Clogged drains come in all different shapes and sizes from minor sink and shower drains to kitchen drains. The most common clog is your toilet, and rightly so, your toilet drain is the most commonly used drainpipe in the house. Comparatively, your sewer line gets the heaviest use because all drain pipes in your home drain through your sewer main. Some clogs may need a video camera inspection to get to the root of the problem, no pun intended. By no means does every clogged drain need a video camera inspection; in fact, very few require one. For those drains that do require a one, it allows your plumber to identify the problem with accuracy and precision. Once the issue is identified, your plumbing technician can fix the problem without any guesswork. It also makes it easy for them to ensure the same problem does not recur.
Recurring Drain Problems
Do you have recurring drain problems? If so, you need a video camera inspection completed on your drains. It’s high likelihood you have root intrusions. You’ll never know until you’re able to see down your drain firsthand.
A Camera Inspection Will Diagnosis The Problem
A camera inspection will pinpoint the problem and tell your technician how far down the issue is and if the pipes are collecting debris that will soon turn into a clog. Homeowners think their pipes will last forever, and the fact is, they will not. Most pipes will last 40 to 70 years of use, especially here in California, where hard water is such a factor. A camera inspection could help you identify a potential problem before it becomes a major issue. For example, while you may not have a leak now, a camera inspection can warn a homeowner of possible issues they may face down the road, such as corrosion. While it’s a minor issue now, it can lead to breaks and leaks down the road. It will empower a homeowner to make the right decisions to keep your drain lines in good working order.
A Homeowner Can See Firsthand What’s Taking Place
Unfortunately, many homeowners know little about video camera pipe inspections. A plumber’s inspection equipment is designed to inspect pipes from 1 to 300 feet. The camera features a stainless steel medical quality camera head that can navigate corners seamlessly. Your technician can move through the sewer line and view the entire route as they make their way to the main city line. During the process, the camera can detect tree roots, debris, and broken pipes. An extra bright led light leads the way through the pipeline. The camera head, monitor, and recorder will record and track any damage or debris. The recorded information allows for the homeowner to see firsthand what is taking place in their drain pipes.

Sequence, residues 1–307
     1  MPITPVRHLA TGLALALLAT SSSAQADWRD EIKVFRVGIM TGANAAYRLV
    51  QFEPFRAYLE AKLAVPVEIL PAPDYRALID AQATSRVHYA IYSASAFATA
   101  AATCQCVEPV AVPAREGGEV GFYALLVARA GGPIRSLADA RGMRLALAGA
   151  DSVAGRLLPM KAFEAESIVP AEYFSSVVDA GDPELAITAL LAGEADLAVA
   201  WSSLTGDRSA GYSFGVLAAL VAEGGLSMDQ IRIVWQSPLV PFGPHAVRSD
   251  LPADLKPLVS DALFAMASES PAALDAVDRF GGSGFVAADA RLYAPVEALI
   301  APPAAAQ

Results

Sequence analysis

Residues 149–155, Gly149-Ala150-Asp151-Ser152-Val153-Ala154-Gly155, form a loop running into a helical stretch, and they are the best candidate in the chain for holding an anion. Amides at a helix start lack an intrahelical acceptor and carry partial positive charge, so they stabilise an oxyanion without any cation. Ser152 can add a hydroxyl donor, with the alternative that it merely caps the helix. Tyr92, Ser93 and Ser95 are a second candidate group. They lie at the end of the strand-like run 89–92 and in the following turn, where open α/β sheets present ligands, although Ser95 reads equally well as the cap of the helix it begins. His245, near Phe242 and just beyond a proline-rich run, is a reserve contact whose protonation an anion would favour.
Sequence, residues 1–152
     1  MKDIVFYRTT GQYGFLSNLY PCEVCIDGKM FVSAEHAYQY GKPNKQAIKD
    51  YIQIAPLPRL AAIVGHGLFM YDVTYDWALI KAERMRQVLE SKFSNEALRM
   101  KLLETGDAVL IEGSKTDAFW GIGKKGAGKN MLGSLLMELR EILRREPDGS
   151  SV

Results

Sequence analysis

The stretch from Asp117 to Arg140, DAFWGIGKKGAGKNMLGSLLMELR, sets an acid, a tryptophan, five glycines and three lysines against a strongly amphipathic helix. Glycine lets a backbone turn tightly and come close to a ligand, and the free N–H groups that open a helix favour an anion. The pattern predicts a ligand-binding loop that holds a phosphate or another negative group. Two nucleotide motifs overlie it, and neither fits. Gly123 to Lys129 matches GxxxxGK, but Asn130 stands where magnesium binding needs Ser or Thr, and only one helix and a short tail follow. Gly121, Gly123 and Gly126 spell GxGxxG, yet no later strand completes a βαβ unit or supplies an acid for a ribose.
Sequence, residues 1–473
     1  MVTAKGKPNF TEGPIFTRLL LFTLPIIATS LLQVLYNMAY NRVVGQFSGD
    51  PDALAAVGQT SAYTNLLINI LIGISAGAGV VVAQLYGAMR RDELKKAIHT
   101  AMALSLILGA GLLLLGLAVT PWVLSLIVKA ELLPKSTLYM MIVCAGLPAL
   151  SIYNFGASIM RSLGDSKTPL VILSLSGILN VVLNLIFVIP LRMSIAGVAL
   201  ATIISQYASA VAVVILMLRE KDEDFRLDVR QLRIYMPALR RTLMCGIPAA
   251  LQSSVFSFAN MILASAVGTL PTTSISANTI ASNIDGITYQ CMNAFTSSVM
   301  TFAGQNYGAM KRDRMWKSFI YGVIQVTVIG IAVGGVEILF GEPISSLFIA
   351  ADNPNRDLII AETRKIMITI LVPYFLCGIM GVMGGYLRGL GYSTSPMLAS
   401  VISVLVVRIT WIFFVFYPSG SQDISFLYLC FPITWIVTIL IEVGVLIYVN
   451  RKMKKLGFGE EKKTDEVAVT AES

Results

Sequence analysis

What Kind Of Issues Can Video Pipe Inspection Address?
A video pipe inspection is highly useful for a diagnosing tool for underground inspection services. Apart from detecting leaks, obstructions, and breaks, video pipe inspection can:
- Trace non-detectable storm and sanitary laterals
- Pinpoint grease clogs and build-up
- Determine the grade, depth, and layout of sewer and utility pipes
- Trace the point of root intrusion
- Verify if current sewer and plumbing conditions conform to regulations
When It Is Recommended
If purchasing a home, it’s recommended that a routine video camera inspection of your pipes and sewer main should be included in your home inspection. This is crucial especially when you’re buying an older home. When sewer lines develop problems, the results may not be noticed for some time. For example, if the mainline has cracks or if roots have invaded your sewer line the problem would not be noticeable for some time. You could purchase a home and be stuck with an expensive plumbing issue if you don’t insist on your pipes being inspected. For peace of mind, contact your Big B’s Plumbing contractor license #986152 to assess your potential home purchase.
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3 thoughts on “What Can I Expect From Video Camera Pipe Inspection?”
I thought it was interesting when you mentioned that video cameras can be used to find grease clogs that might exist in pipes. It seems like a restaurant would want to have its pipes and grease trap inspected with a video inspection at least once a month. That way problems can be solved before they become big issues and cause damage.
When you mentioned that it’s better to include video pipe inspection before buying a house, it really captured my interest. I’ve been thinking of moving to the countryside and I want to find the perfect place to live in. I’ll consider this option when dealing with an expert regarding this matter later.
Its great when you said that a video pipe inspection can trace non-detectable storm and sanitary laterals. The pipe in my kitchen is stinking and my mom told me to call a plumber for help. I am not sure how to fix the problem myself so I would need to speak to a professional plumber to help me fix my pipe or sewer problem. Thanks loads for the article!